Europe Voyage in brief PART 1

From April 28, 2017

Guten Morgen from Salzburg, Austria!

I’m half-way through my “Europe Voyage”.  Over the last 5 weeks my pace has kept me clipping along through England, Ireland, Italy, Switzerland, Germany, Czech Republic, and Austria where I arrived last night.  As I experience God’s extravagant goodness from country to country, my heart swells with gratitude!  Here are some highlights from my trip thus far…


21751857_10155736763043627_898347078172964860_nWhilst in England, I reflected on God’s restorative work in my life over the last decade.  10 years ago, I was stuck in the middle of a depression, questioning whether God was good, whether he existed, and whether life was worth living.  Revisiting my old YWAM school, the daffodils were a tangible reminder of the way God revived me, remade me, and sent me to pour into students in California and Hawai’i.  Read more on my blog Daffodils.

What a joy to stay with my cousins, making daisy chains and performing ballads on a lazy Sunday afternoon as they taught me what it means to be English (since, as they say, I speak American).  A highlight was speed-walking through city streets, tunnels, and alleyways with a London Policeman (my cousin’s friend) to see 1st century Roman walls, sites of the abolition movement, England’s first coffee shop, Charles Dicken’s favorite pub, and Harry Potter’s wand shop.  The most powerful moment was sitting in on an afternoon worship service in the church where John Newton, former slave trader, served as a pastor—we serve a God who restores!



IMG_20170414_154608_428I took the ferry over to Ireland to join a group of InterVarsity Study Abroad students on a pilgrimage to learn about Celtic Spirituality. I was inspired that a man who lived 1,600 years ago—St. Patrick—remains so strongly in the people’s consciousness as the spiritual father of the island nation that once enslaved him.  The vibrant green island pulsates with rich spirituality as St. Patrick wisely syncretized indigenous Celtic spirituality with Christianity. I was inspired by the 800 years of faithful worship at Ballentubber church where parishioners would stand in the wet cold to worship  even during the decades when the church had no roof!  I chose to adopt the ancient Celtic idea of pilgrimage, peregrinatio, which encapsulates the idea that it is a life-long journey both inward and outward led by the Spirit of the Creator.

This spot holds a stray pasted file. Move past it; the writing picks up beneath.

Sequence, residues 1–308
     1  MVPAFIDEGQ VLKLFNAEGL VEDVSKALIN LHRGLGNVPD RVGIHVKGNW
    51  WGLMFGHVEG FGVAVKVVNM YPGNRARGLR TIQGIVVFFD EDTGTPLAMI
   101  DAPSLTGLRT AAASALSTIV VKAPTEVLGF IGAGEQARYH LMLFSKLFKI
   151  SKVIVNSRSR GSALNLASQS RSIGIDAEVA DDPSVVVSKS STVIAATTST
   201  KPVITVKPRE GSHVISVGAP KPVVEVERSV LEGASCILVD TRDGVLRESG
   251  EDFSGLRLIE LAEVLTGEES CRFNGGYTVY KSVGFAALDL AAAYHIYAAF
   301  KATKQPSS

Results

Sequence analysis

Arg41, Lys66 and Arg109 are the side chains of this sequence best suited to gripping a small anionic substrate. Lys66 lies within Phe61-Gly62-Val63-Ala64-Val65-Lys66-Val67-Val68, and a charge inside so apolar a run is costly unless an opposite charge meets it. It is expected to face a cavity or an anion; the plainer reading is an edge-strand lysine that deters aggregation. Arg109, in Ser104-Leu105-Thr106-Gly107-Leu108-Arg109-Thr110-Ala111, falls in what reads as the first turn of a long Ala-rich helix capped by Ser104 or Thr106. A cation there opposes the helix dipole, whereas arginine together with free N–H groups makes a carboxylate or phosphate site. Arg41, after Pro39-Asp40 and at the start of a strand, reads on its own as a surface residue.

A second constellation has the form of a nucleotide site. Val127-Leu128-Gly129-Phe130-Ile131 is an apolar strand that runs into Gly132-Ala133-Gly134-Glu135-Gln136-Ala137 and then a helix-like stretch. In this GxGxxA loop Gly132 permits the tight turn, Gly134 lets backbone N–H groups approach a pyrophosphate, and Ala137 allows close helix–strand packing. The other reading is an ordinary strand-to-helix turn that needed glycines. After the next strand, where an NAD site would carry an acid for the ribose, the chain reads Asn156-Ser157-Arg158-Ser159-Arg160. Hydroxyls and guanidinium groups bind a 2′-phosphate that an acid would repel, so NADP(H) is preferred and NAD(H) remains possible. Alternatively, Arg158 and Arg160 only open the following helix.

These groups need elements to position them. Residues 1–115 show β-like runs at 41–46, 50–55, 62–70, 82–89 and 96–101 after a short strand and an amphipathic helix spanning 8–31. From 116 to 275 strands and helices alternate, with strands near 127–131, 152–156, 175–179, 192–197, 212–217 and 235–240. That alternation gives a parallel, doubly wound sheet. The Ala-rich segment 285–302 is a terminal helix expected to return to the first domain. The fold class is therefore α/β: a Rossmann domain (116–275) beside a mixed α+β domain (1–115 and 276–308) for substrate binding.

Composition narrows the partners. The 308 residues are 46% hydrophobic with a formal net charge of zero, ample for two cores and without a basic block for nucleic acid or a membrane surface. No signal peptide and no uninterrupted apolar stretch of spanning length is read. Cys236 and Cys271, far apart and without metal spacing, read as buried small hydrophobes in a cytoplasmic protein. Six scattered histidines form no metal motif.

A day after leaving Ireland, I landed in Rome to join a second InterVarsity pilgrimage, but this time with a group of staff and donors following the life of Italian Saints.  We began with Easter Mass at the Basilica of St. Peter (pictured) and a powerful homily message from Pope Francis.  After 2 days of traversing the ancient Roman super-city, we journeyed to the quiet monastic town of Assisi to get closer to the heart of St. Francis and his female contemporary, St. Claire.  Their lives of simplicity and service that challenged the opulence of the church of their day are just as provoking 800 years later.  Their stories make me question the kind of impact my life is having in the world and what ripple affect I might leave when I die.


20170423_175501-001Staying with my friends in Switzerland for 5 days afforded a good time to slow down, breathe deep, and reflect on the things the Lord is revealing and to share them with you (which I am now sending 5 days later from Austria).  My wonderful Swiss friends (whom I met during a YWAM Discipleship Training School in England 10 years ago) made me feel like an honored guest, serving me exquisite chocolates, cheeses, and wines and giving me a quiet room which overlooks the French Alps.  I enjoyed exploring Geneva, Lusanne, Guyere (famous for the cheese), and Bern, the place my great-great grandfather left in the mid 19th century.  It was fun to explore my Swiss roots—I love Swiss people & Switzerland and felt like I left part of my heart there.


I don’t intend to keep up this pace, but I’ve spent the last 4 nights in 4 different beds in 4 countries!  A student I met in Ireland (Alexis, an American studying abroad in Scotland) wanted to visit Salzburg with me.  We met in Berlin where it was cheaper to rent a car, drove to Prague where we stayed with an American missionary and learned about the most atheistic country of Europe, and then drove yesterday to Austria.  We have changed currency and language 3 times and had quite an adventure in a small Czech town when 5 local guys helped us determine what kind of gasoline to put in our German car (we had no common language)!  God has been so good to guide and guard us as we navigated blocked roads and unexpected snow flurries!  The sun is now shining in Salzburg and we’re ready for warmer adventures!

Want to hear more?

Click here to read Part 2 recounting the second half of my Europe Voyage.

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